I know some people are the opposite, but I enjoy cooking more than the washing up. The former is an excuse to be creative, and carries its own reward: good food. The latter…well, to me the latter just returns things to normal. Small wonder that it’s sometimes tempting to take the “good enough” approach to washing cookware. You figure, It’s going back on a hot stove, so, hey, that oughta kill all the bad stuff, right? Let’s just get this done. I’ve got better things to do.
I’m reminded of Brother Lawrence, the 17th century Carmelite monk who developed his unique understanding of Christian spirituality while working in the monastery kitchen. Why shouldn’t we experience the presence of God even when doing mundane things like washing the dishes? he wondered. Even little things can be done for the love of God.
I’ve never forgotten that homely advice. We don’t have to kid ourselves into thinking that household chores are in themselves grand and glorious works for the sake of the kingdom. But they can be opportunities, to use Brother Lawrence’s phrase, to “practice the presence of God.”
And who knows what might happen if we did.
The other day, I was scrubbing a baking sheet on which my wife had roasted carrots. (Yes, carrots. Delicious.) The surface of the sheet is textured to allow air circulation when making cookies. Roasted carrots, however, leave a burnt, sugary residue that’s hard to scrub out of the nooks and crannies. It’s tempting to leave a few black spots here and there and call it done.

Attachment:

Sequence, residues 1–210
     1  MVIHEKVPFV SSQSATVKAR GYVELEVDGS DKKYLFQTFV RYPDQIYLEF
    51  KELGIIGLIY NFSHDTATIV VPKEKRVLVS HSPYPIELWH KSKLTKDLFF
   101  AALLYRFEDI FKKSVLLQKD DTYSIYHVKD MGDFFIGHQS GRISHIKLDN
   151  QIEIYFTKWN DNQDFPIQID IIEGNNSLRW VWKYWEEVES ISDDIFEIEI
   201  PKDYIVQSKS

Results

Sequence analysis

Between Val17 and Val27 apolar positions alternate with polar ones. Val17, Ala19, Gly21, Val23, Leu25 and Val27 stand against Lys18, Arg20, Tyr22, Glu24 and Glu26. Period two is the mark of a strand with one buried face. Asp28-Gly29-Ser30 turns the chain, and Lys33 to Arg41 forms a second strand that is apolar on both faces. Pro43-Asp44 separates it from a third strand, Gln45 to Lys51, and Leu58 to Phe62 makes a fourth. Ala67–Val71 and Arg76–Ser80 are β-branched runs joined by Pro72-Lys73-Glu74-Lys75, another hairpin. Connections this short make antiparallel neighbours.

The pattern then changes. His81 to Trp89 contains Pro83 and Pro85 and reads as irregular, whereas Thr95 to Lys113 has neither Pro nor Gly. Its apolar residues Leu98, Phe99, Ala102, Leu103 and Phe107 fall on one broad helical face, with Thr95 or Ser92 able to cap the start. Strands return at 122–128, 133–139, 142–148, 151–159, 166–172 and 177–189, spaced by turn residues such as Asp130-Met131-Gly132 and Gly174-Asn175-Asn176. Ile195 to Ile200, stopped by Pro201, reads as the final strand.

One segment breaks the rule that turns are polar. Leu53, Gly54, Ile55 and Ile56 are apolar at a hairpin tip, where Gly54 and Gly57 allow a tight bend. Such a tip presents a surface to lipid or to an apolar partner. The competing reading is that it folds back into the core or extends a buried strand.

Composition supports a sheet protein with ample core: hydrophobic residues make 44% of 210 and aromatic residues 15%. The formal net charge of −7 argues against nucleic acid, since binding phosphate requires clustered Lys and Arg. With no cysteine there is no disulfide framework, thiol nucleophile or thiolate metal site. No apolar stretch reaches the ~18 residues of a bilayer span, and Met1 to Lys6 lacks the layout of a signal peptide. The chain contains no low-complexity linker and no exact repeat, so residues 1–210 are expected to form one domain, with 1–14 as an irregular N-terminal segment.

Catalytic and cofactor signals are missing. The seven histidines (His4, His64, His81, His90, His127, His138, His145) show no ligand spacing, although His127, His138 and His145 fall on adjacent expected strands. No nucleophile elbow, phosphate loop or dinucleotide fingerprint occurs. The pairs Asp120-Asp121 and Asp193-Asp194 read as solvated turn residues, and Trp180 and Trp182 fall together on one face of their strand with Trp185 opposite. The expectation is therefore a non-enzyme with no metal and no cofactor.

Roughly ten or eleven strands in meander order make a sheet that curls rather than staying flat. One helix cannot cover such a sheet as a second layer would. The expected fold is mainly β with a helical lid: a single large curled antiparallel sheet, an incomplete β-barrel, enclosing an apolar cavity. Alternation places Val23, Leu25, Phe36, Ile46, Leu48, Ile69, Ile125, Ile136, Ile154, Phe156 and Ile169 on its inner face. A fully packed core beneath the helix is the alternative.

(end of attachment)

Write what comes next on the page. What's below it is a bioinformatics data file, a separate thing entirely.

But as anyone who’s ever cleaned a barbecue grill knows, the more stuff you leave stuck on there, the more will stick next time. Ditto for pots and pans, even the “non-stick” ones (which I sometimes lump in a category with so-called “wrinkle-free” shirts). We’ve moved away from using cooking sprays for just that reason; eventually, the sprays leave enough built-up residue that the “non-” vanishes and all you’re left with is the “stick.”
So I attended to my job, dutifully cleaning every last charred fleck from the baking sheet, trying Lawrence-like to remain open to the presence of God.
And then, unbidden, a verse from the apostle John floated into my awareness: “But if we confess our sins, he is faithful and just to forgive us our sins and cleanse us from everything we’ve done wrong” (1 John 1:9, CEB).
We confess our sins to God to receive his gracious forgiveness. We confess to be cleansed. And while John’s metaphor of cleansing may be meant to invoke religious images of ritual purification, at that moment I was standing at the sink with a sticky baking sheet in my hands. We do a good job of cleaning, I thought, so that something is less likely to stick in the same spot next time.
As John would have it, we don’t confess our sins out of fear, but out of love.
And we confess completely, because we know ourselves: if we don’t seek a thorough cleansing from this or that sin, something will stick there next time.